Yeah, the way supply chains are these days, pretty much no car is 100% from anywhere.

Well, if you do not want to buy our parts, why should we buy your cars?

Every “auto maker” on this planet gets Parts made from all over the this Planet…so Give it a rest ! As long as they’re “NOT”from Mexico they are all good Suppliers …

How many people do you think even understand what the percentage of American parts means? Does it mean the number of parts made in the US/total # of parts, and if so, does a brake booster count as one part or many? Does it mean they weigh each part so they can calculate the percent of the physical makeup of the car that is from US parts? Do they figure out how much each part costs and add them up for US parts, do the same for foreign parts and then compare the US value to the total value? The answer is the final one. It goes by value. I have no idea how many people know that. But how to you compute value? If Tesla stamps out the entire body in their factory, does it go by the cost of the materials, or do you get to add the cost of the labor to finish and assemble the body when calculating the value? Labor definitely gets factored in for foreign parts. But labor is supposed to be calculated as a separate percent of time by man-hour to assemble the vehicle. So should a manufacturer add the cost of labor… Read more »

So, is it fair to summarize this as follows?

The percentage of American made parts cited by anyone is at best only an estimate, and perhaps a rough estimate at that.

Personally, when I see a claim that X percent of a given car is made in America, it always reminds me of the saying “Did you know that 36% of statistics are made up on the spot?” 😉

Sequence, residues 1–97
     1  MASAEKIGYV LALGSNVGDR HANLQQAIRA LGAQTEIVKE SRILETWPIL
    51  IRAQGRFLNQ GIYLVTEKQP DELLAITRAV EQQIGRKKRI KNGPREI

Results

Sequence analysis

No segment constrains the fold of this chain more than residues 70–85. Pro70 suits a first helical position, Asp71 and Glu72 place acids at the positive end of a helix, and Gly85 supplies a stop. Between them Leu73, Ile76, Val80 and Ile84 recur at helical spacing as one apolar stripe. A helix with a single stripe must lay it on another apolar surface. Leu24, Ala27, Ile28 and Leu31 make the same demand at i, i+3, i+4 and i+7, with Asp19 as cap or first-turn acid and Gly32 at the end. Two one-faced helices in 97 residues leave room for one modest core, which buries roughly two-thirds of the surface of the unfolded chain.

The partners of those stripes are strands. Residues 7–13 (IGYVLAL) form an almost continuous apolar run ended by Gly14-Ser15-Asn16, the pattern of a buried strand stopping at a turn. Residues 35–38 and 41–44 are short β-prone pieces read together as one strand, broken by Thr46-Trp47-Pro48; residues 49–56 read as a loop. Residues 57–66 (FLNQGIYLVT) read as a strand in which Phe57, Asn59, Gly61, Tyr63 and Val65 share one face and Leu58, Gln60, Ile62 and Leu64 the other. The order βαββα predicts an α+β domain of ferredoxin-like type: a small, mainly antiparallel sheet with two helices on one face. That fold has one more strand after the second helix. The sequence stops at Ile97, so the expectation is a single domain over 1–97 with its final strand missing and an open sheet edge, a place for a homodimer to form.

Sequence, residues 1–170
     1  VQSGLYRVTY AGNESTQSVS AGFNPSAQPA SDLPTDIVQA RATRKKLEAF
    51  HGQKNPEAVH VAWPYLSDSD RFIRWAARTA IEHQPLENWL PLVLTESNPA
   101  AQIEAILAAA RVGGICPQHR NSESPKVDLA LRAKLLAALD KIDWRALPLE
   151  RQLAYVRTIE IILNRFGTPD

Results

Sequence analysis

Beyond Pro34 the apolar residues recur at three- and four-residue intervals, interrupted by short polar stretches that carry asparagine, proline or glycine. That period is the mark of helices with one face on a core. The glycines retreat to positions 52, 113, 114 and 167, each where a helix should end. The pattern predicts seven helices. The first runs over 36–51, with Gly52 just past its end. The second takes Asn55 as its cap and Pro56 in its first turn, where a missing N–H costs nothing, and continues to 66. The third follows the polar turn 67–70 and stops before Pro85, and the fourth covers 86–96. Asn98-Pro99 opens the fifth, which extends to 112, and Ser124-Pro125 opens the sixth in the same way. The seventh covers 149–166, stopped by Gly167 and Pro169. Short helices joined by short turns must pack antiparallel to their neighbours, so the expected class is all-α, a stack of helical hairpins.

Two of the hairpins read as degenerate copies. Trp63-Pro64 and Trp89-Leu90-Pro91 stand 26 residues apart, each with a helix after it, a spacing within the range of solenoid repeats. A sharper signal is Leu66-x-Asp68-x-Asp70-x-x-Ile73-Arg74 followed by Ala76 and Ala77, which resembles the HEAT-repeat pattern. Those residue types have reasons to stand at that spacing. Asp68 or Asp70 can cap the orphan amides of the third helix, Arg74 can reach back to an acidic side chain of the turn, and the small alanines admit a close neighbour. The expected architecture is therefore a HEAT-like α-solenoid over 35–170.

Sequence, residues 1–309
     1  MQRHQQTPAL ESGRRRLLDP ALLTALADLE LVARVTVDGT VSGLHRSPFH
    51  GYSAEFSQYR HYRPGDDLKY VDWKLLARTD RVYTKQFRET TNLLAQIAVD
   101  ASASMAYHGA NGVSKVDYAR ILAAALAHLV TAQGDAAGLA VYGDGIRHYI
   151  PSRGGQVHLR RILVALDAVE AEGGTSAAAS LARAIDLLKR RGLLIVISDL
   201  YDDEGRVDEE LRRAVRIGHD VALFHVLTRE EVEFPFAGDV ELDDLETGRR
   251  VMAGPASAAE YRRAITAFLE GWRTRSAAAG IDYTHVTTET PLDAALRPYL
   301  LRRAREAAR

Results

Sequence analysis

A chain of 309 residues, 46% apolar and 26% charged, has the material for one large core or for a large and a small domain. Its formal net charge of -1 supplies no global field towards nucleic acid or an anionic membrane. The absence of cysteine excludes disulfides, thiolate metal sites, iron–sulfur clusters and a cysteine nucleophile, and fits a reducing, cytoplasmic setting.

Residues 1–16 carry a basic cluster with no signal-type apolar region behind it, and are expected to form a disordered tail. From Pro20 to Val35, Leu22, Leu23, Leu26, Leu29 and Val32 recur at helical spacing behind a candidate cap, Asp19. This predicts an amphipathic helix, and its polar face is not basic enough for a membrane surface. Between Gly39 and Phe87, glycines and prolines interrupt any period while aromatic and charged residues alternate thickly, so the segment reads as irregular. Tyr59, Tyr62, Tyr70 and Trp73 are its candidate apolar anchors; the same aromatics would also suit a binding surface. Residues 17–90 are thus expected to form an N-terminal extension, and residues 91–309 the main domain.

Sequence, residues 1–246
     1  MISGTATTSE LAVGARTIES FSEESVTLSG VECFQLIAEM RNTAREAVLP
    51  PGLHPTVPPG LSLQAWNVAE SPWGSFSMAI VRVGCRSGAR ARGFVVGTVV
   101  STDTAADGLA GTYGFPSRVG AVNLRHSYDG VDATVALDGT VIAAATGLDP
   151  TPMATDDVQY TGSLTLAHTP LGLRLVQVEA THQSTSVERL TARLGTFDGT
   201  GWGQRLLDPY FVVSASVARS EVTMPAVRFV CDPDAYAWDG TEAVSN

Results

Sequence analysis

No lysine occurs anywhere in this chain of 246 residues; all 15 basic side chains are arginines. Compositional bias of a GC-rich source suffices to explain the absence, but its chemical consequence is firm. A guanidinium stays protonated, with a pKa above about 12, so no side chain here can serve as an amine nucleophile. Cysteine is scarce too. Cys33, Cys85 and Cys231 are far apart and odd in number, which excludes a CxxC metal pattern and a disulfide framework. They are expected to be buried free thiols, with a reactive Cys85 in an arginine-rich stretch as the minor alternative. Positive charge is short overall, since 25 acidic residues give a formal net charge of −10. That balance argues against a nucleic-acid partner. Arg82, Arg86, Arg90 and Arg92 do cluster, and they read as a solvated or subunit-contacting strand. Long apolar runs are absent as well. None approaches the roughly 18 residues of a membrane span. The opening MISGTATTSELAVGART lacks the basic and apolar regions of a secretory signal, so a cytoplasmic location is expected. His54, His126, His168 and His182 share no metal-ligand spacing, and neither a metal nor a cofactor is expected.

Because the world wants and needs a $35,000 long distance ev. not another $100,000 luxury ev

If you mean parts, you should study David Ricardo’s comparative economic advantage. Everyone benefits when countries / companies focus on their core competency, whether via lower cost or better product.

I believe Adam Smith was a bit earlier with that concept. It’s the main point he made in The Wealth of Nations.

A much-abused book by the way in today’s crony capitalism. The father of capitalism was no fan of even the capital concentration of the time – and it has become much more extreme since:

“All for ourselves, and nothing for other people, seems, in every age of the world, to have been the vile maxim of the masters of mankind.”

Chapter IV, p. 448.

Fascinating…I’ll have to read that some day…have been turned off by modern trends in Capitalism too much to be willing to give Smith a just hearing.

Tesla is the largest manufacturing employer in California. That’s quite a feat, considering what a PITA it is to manufacture here.

All of the global manufacturers source parts from various countries and some of the foreign manufacturers use a higher percentage of American parts than American car companies.

I bought an F-150 a while back and discovered it was made in Canada. If I had bought a Tundra or a Titan, it would have most likely been made here.